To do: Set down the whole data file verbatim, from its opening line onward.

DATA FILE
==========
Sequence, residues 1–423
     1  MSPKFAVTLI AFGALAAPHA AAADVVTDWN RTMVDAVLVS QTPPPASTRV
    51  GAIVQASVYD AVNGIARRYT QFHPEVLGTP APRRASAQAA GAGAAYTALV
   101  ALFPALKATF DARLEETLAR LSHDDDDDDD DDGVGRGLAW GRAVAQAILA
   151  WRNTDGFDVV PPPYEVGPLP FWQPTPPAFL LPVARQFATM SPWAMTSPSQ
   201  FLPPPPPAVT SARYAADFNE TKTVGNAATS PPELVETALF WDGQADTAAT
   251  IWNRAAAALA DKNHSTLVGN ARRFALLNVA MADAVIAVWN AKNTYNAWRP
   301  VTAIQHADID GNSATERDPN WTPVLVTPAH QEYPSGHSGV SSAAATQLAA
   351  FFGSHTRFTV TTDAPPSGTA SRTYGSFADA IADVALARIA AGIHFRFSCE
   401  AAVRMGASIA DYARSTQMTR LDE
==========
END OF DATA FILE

Sequence, residues 1–423
     1  MSPKFAVTLI AFGALAAPHA AAADVVTDWN RTMVDAVLVS QTPPPASTRV
    51  GAIVQASVYD AVNGIARRYT QFHPEVLGTP APRRASAQAA GAGAAYTALV
   101  ALFPALKATF DARLEETLAR LSHDDDDDDD DDGVGRGLAW GRAVAQAILA
   151  WRNTDGFDVV PPPYEVGPLP FWQPTPPAFL LPVARQFATM SPWAMTSPSQ
   201  FLPPPPPAVT SARYAADFNE TKTVGNAATS PPELVETALF WDGQADTAAT
   251  IWNRAAAALA DKNHSTLVGN ARRFALLNVA MADAVIAVWN AKNTYNAWRP
   301  VTAIQHADID GNSATERDPN WTPVLVTPAH QEYPSGHSGV SSAAATQLAA
   351  FFGSHTRFTV TTDAPPSGTA SRTYGSFADA IADVALARIA AGIHFRFSCE
   401  AAVRMGASIA DYARSTQMTR LDE